Filing bankruptcy is never a welcomed situation, but it’s important to remain focused on the positive. After all, bankruptcy exists to help people get the relief they need during a rough time. However, before you file and actually get that relief, you’ll need to decide which chapter is right for you. One of the most popular choices is a chapter 7.
For one thing, chapter 7 bankruptcies guarantee you the quickest process. Most people can’t wait to have this part of their life behind them. For them, then, it might make sense to file a chapter 7. The other popular option, a chapter 13 bankruptcy, can last up to five years and no less than three.
With the exception of student loans and taxes, essentially all your unsecured debt will be discharged upon filing a chapter 7 bankruptcy. This means you won’t have to pay them back at all and there’s no plan to adhere to. With a chapter 13, you’re generally required to pay back at least some of these debts.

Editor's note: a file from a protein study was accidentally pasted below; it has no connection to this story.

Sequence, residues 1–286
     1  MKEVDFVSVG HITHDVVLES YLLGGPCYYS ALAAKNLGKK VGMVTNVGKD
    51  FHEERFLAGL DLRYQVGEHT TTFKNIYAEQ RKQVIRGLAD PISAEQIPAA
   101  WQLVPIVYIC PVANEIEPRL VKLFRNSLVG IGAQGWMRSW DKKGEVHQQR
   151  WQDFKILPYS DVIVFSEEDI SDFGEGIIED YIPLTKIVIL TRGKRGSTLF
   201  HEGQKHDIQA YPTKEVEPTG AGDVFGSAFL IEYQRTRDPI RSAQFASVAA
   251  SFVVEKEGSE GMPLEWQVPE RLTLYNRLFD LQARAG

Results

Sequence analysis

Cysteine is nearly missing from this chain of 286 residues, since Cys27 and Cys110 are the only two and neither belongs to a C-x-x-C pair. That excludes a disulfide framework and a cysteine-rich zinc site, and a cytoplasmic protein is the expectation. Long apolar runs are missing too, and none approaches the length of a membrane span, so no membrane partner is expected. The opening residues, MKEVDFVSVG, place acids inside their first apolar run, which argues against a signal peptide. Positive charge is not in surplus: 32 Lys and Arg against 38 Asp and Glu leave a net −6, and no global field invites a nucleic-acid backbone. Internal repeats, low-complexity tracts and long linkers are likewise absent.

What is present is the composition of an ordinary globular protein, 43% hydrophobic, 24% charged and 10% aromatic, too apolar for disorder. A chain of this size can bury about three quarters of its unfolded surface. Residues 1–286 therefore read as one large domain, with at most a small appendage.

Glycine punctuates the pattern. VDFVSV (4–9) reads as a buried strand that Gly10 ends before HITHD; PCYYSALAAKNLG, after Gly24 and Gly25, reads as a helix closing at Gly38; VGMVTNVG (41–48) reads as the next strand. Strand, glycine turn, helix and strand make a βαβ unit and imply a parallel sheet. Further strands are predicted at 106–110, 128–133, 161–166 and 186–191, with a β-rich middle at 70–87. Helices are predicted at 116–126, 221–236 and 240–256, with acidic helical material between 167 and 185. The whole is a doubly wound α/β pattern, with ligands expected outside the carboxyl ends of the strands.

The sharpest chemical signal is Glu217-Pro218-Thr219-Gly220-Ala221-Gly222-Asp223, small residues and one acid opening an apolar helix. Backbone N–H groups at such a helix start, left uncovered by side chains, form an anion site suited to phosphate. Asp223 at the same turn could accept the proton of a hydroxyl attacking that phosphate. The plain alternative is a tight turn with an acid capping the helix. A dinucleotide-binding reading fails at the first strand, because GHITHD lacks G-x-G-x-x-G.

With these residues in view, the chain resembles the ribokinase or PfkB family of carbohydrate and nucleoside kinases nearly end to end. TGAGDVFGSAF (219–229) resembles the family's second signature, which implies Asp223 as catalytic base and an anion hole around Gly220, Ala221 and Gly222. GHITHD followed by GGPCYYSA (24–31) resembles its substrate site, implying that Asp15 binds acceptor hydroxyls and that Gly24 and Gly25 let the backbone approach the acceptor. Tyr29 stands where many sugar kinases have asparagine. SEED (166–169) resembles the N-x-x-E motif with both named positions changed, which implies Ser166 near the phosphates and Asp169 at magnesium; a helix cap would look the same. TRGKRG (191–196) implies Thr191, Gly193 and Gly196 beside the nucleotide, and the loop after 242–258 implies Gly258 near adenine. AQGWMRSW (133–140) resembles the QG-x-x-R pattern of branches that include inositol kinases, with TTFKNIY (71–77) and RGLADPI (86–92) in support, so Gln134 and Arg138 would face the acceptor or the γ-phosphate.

The money you make after filing bankruptcy is generally all yours too. When you file a chapter 13, the money you receive in the six months that follow is generally considered property of your bankruptcy. With a chapter 7, the emphasis is on the money you earned in the six months prior to filing.
Although chapter 7s generally focus on liquidating what you can to pay off creditors as soon as possible, that doesn’t actually mean you automatically lose assets. There are exemption laws at play that mean you can protect a lot of what you own. This is where having a qualified bankruptcy attorney helping you can make all the difference. Otherwise, a chapter 7 could end up with you owning less property.
If you want the quick and painless route to getting out of a tough financial situation, filing a chapter 7 may be the right move.